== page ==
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Arequirement on the list of items that should be discussed during a crew’s pregame meeting is how everyone will handle information related to a loose ball going out of bounds.

These plays can happen in a flash, with the added complication that many times the ball is traveling from outside the ruling official’s primary coverage area, creating a situation where there may be no definite knowledge by that official about who actually last touched the ball before it became dead.

The ruling official, whether responsible for the endline or a sideline, will have one of three possible trains of thought as the ball touches someone or something out of bounds:

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  • I have definite knowledge about which team last touched the ball and which team should now be awarded a throw-in.
  • I am reasonably confident about which team last touched the ball and which team should now be awarded a throw-in.
  • I don’t have the faintest idea about which team last touched the ball and which team should now be awarded a throw-in.

The first option is of course the least problematic. The official makes a ruling, everyone in the gym, including Grandma in the top row, agrees and play resumes. No muss, no fuss.
The third option, believe it or not, is also typically an easy one to resolve, so long as it has been addressed in the pregame. In this situation, as soon as the ruling official realizes he or she does not have the necessary information to make an informed ruling, the official should ask for help from the partner best equipped to offer it. The mechanic is simple — blow your whistle, make eye contact with said partner and ask loudly enough to be heard, “Help?” When asked, the partner should make a decision and sell it both verbally and physically by blowing the whistle and loudly proclaiming who should have possession — “Blue!” with an emphatic signal in the direction of the blue team basket.

The verbiage used in the pregame regarding these plays will often go something like this: “If I ask for help, it means I have no idea. Make the call and own it, and as a crew we will accept it, no questions asked.”

It’s the second option of the three listed above that can pose a real-time problem for crews that neglect this particular play during their pregame. Because the last thing you want is an argument between two stubborn crewmates about what they saw and no clean way to resolve it.

Let’s use the following example as a jumping-off point for discussion: A1, standing outside the three-point line near the trail official, zips a pass toward A2 on the low block on the weak side of the floor. The ball is not caught and hits the wall behind the endline. The lead official blows the ball dead and signals a throw-in for team B. However, there is a question about whether B3, standing in the middle of the free-throw lane, actually tipped the ball while it was being passed between teammates.
The pregame discussion by the officiating crew for any play similar to this should operate as follows:

  • The ruling official needs to make a preliminary judgment on any out-of-bounds play, unless immediately seeking help and abdicating that choice to a partner, as described earlier in this article.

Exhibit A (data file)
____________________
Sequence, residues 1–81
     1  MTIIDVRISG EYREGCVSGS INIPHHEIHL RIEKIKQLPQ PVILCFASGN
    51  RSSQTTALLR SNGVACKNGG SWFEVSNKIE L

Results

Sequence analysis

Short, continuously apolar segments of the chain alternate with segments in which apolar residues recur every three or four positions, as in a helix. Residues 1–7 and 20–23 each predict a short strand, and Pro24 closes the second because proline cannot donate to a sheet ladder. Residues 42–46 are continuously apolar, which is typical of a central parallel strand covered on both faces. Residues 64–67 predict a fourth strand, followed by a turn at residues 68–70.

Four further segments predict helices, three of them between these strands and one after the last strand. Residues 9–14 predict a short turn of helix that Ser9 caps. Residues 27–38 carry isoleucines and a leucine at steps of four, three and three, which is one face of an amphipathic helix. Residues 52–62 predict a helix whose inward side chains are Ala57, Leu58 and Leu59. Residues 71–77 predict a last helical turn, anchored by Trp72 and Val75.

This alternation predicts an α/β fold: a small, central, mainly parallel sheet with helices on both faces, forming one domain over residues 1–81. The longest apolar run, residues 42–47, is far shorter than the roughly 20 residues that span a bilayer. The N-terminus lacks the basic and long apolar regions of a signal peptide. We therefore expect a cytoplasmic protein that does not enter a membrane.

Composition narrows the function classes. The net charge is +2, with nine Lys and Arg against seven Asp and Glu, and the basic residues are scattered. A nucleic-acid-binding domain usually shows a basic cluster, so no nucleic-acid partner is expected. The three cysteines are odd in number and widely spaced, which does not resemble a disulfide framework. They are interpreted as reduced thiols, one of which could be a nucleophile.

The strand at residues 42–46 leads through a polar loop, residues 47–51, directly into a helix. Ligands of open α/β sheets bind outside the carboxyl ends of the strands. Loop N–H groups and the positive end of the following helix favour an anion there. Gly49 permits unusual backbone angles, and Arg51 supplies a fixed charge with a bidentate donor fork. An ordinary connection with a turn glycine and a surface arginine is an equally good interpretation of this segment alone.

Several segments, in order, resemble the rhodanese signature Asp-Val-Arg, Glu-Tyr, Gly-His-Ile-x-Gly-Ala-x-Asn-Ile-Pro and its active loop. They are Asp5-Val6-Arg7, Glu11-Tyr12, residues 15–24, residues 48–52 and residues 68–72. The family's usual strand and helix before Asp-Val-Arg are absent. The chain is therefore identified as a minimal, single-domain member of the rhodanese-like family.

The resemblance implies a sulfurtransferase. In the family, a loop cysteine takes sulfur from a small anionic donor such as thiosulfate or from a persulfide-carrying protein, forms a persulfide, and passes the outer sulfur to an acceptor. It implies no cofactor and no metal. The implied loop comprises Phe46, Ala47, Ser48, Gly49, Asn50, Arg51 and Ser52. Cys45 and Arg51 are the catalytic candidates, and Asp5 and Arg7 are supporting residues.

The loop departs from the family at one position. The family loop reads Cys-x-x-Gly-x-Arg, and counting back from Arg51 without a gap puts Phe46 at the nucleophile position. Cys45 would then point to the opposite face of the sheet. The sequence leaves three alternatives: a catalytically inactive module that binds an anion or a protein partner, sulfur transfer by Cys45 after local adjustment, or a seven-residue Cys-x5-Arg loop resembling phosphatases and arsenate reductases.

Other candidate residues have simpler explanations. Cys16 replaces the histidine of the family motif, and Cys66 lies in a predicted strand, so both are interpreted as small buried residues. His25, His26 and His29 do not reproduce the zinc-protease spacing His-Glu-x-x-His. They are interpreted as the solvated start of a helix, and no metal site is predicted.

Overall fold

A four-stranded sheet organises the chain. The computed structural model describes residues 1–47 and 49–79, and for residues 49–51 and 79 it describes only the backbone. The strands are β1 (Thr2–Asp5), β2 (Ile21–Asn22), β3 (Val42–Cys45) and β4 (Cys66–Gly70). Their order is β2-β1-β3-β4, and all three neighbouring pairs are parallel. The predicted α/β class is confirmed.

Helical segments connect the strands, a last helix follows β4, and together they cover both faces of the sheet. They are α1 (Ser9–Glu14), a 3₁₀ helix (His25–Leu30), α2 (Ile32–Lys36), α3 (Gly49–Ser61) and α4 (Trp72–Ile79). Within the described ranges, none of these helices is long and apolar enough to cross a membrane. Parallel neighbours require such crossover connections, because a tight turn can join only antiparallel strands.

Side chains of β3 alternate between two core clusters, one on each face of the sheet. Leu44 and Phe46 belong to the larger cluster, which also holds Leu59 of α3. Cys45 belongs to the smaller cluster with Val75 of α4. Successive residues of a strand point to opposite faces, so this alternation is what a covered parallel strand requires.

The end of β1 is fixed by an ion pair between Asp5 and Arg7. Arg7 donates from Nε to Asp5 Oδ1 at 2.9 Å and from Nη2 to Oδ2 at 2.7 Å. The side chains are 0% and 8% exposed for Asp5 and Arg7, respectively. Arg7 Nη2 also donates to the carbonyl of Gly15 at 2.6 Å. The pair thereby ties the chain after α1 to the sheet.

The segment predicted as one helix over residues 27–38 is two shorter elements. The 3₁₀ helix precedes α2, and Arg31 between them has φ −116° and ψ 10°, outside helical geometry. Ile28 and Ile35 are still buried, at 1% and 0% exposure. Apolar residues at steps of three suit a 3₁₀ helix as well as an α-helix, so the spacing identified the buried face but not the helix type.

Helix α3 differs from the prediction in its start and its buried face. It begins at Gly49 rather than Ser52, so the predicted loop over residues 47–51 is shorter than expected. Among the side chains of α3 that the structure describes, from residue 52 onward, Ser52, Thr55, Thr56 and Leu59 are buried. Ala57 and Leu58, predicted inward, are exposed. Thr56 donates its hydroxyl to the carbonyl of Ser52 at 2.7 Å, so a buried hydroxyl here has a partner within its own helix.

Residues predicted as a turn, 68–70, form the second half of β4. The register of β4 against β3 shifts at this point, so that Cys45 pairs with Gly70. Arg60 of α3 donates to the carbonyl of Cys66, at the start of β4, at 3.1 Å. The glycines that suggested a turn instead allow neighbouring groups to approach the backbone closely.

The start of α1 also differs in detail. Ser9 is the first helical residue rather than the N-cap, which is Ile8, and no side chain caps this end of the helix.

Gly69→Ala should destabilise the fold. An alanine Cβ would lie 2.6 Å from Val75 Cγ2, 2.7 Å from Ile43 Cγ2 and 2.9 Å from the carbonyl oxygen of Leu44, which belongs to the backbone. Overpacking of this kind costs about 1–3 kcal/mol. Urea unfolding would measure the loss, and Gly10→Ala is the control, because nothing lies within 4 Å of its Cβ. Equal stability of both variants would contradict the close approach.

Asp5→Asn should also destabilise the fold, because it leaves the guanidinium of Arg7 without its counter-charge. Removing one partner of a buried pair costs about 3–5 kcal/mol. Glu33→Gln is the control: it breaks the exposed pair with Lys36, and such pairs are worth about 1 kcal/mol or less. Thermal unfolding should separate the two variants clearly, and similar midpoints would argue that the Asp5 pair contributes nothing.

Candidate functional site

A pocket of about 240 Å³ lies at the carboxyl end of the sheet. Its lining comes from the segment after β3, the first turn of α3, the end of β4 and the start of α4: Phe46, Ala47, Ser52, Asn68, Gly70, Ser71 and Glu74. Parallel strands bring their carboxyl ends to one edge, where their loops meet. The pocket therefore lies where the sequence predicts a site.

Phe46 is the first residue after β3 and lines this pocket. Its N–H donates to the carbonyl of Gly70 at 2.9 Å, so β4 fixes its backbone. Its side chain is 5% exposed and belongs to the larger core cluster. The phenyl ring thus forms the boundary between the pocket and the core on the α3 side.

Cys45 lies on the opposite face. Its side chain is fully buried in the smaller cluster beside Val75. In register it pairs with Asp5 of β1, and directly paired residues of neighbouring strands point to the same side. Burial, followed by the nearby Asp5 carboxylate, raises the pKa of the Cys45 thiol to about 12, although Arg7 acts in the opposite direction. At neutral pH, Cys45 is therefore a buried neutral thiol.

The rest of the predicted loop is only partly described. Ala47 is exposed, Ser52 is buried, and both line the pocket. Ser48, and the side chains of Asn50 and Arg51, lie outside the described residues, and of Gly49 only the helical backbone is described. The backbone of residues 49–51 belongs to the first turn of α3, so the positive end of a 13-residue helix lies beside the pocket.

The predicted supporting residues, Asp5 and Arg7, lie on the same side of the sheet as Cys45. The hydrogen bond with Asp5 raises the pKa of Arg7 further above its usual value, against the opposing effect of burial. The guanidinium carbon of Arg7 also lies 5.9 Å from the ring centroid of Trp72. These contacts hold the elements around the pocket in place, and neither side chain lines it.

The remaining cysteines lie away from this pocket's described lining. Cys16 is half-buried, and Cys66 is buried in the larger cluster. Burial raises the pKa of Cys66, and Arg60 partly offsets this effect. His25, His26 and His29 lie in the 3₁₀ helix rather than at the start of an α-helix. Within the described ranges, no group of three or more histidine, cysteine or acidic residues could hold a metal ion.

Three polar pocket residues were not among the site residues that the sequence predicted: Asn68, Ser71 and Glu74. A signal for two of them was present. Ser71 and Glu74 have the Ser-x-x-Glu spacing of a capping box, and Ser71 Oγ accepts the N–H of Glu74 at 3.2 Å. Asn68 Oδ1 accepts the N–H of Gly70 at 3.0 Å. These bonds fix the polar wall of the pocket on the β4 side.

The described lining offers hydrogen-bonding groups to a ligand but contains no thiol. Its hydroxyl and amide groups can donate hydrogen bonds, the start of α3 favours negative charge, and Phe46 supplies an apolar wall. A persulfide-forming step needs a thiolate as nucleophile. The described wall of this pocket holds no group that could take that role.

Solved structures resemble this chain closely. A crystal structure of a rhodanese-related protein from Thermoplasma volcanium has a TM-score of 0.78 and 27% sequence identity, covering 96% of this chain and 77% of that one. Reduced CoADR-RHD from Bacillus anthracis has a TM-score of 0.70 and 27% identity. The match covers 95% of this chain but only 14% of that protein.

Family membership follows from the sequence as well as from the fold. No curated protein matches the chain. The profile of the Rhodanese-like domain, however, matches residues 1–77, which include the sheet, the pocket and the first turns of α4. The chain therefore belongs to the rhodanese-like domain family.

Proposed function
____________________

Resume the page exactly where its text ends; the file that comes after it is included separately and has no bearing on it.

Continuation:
• Once the ruling official makes a decision, if another official on the floor “thinks” that ruling may be incorrect, it stands as called and there is no need for any type of crew discussion.
  • Once the ruling official makes a decision, if another official on the floor “knows” that ruling is incorrect, those two officials should get together, with the ruling official using the new information to correct the ruling.

The key difference is what a crew “thinks” and what a crew “knows.” If an official “thinks” he or she has information that might alter a ruling, that’s not a good enough standard. That information is best left in the official’s mind and has no place coming out of the official’s mouth, where it will only complicate matters, creating a situation where there are now two officials playing the guessing game.

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If an official “knows” he or she has information that will create a correct ruling, not only should it be shared, but the ruling official on the play should be willing to accept it and use it to overturn his or her original decision.

The pregame discussion goes like this: “If I think an out-of-bounds ruling is incorrect, I am not saying anything. If I know the ruling is incorrect, I am coming to you with that information and I expect you to use it. Conversely, if you come to me and tell me that you have information that my original ruling is incorrect, I am 100 percent changing my ruling without further discussion.”

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If everyone on the crew agrees to these standards before stepping on the court, it eliminates the possibility that two officials will become embroiled in disagreement in real time should one of these plays come to fruition. It puts the entire crew on confident footing, knowing a partner is only going to step into the situation when there is definite knowledge available that will result in a new ruling.

Lead official: “White!”

Center official: Tweet. Tweet. Tweet. “Partner, I’ve got 100 percent knowledge the ball was last touched by white. It should be red ball.”

Lead official: “Red!”

No need for any additional communication on the floor. You and your partners have already done so in the locker room, secure in the knowledge that you are all on the same page.

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Note: This article is archival in nature. Rules, interpretations, mechanics, philosophies and other information may or may not be correct for the current year.

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